The Sustainability Sessions: The Modern Traveller

In last night’s final Sustainability Sessions, Melissa Hemsley brought together Shona Vertue, Sophie Hellyer and Juliet Kinsman to discuss all things long-distance travel, carbon offsetting and staycations.

On what felt like the first wintery days of the season, following the changing of the clocks and a rather the onset of darker evenings and shorter days, dreams of summer holidays and warmer, sunnier climates were on the brain. Rather fittingly, the final edition of Melissa Hemsley’s sustainability sessions entitled ‘The Modern Traveller’ brought together Shona Vertue, Sophie Hellyer and Juliet Kinsman to discuss the importance of connecting with nature and how best we can see the world without being too detrimental to the planet. 

The conversation opened with sustainability in the broadest sense, looking at each of the panelists own perceptions of a sustainable lifestyle and how this has directly influenced their own travel practices. For personal trainer and yoga teacher Shona Vertue, growing up in Australia instilled a deep connection with nature and more specifically the ocean which, in turn, provides her with the motivation to commit to living a more sustainable lifestyle. The importance of nature was echoed by all the speakers, with wild swimmer Sophie Hellyer accrediting nature to depicting the tangible effects and need for sustainable practices: “there’s nothing like a sanitary pad hitting you in the face whilst surfing to remind you of the plastic pollution problem”.

For Juliet Kinsman, journalist and luxury travel expert, sustainability is simply “getting back to the natural system of being”. She described how waste is something that is inherently human, a concept that is not applicable within the cyclical closed loop of nature. 

Travel is escapism in its purest form, with exotic destinations, white beaches and the warmth of the sun offering a stark contrast to our nine to five lives. Escaping, or rather the idea of escape, was accredited to fueling many far flung trips to places seemingly more glamorous, relaxing and luxurious. Shona Vertue described the importance of assessing where feelings of dissatisfaction stem from and how instead we should be focusing on establishing a feeling of “contentment” in what we are doing.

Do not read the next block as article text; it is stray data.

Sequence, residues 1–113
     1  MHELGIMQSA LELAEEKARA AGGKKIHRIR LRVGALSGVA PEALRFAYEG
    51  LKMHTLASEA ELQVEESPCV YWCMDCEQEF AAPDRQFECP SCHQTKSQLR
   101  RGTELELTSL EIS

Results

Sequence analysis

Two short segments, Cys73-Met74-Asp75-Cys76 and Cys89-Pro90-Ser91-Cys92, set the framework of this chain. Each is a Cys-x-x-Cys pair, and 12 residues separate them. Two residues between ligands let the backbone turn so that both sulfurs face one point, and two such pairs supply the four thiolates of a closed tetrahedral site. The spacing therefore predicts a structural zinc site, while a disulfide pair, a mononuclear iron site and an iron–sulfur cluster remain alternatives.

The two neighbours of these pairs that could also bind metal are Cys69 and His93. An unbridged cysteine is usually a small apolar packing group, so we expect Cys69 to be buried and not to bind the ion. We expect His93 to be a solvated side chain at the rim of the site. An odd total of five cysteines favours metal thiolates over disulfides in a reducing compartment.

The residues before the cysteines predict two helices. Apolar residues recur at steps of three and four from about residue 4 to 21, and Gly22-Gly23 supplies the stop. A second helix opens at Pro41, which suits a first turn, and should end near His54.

Sophie Helleyer advocated for staycationning, the latest buzzword within the travel industry. For Sophie, the UK is greatly underappreciated, with her current favourite surf and swim destinations being the coasts of Ireland and the UK. Following Greta Thunberg’s decision to sail from the UK to New York over the course of 15 days, a degree of flight shaming – or rather flygskam – has led to Sophie avoiding any suggestion of flying on social media platforms. 

While carbon offsetting is a great start to reevaluating the way we travel and beginning to account for our emissions, it was noted that it is no longer enough. Juliet Kinsman emphasised the importance of connection with our destinations and most importantly locals; taking time to look at the “supply chain” of our travels and beginning to “ask more questions”. Much the same as is now being required within fast fashion, Juliet encouraged thinking about the people directly involved with each touch point within your travels, be it the hotel staff or restaurant waiters. 

Unlike Sophie’s solution of exploring closer to home, Juliet instead searches for ways in which to bring an anthropological and philanthropic focus to her travels. She described a trip to India that ended in a small, hole-in-the-wall café employing only female victims of acid attacks – a moment significantly more poignant than the earlier trip to tourist trap that is the Taj Mahal. Perhaps, rather than travel being a luxury that we can no longer environmentally afford, the means in which we experience the world should change. Juliet suggested that seeing the world as a whole can inspire people to make more conscious decisions of who and what we are investing our time and money in, noting the local effects of our tourism. 

For those of us with long distance families and homes, Shona Vertue highlighted the impossibility of avoiding travel, with her time (and heart) split between the UK and Australia. Her sustainability tip? Opt for direct flights, even if that does mean a 19 hour flight from London to Perth… More tips to travel better bounced between the panel, with Melissa highlighting the importance of not being enticed by hotel miniatures and unnecessary freebies, which are only going to encourage more plastics and more stuff. Juliet reiterated the notion of considering where you are going and both the positive and negative effects of tourism (or rather overtourism) on societies: “for every $100 spent on luxury travel, only $10 stays in the local area.” Juliet also suggest considering your “carbon foodprint” when travelling, with all you can eat buffets amounting in vast quantities of food waste. Instead, opt for local and seasonal produce, finding farmers markets or local restaurants with a focus on regional specialities. 

As per tradition, Melissa ended the discussion with each of the panelists suggested social media follows – who they follow for, in this case, eco-travel inspiration. Perhaps the most surprising suggestion came from Shona Vertue, who suggested we all follow NASA, the American space agency. Often described by astronauts as the “overview effect” there is a sense of awe and consequent responsibility that comes from seeing the planet as a whole entity. Though the sustainability credentials of space travel are few and far between…

Catch up on The Sustainability Sessions focusing on sustainable fashion, a happy career and clean beauty.

Read our ‘With Love From‘ series for travelling sustainably around the world. 

Inspired to travel more consciously? Discover some of these eco-resorts and hotels.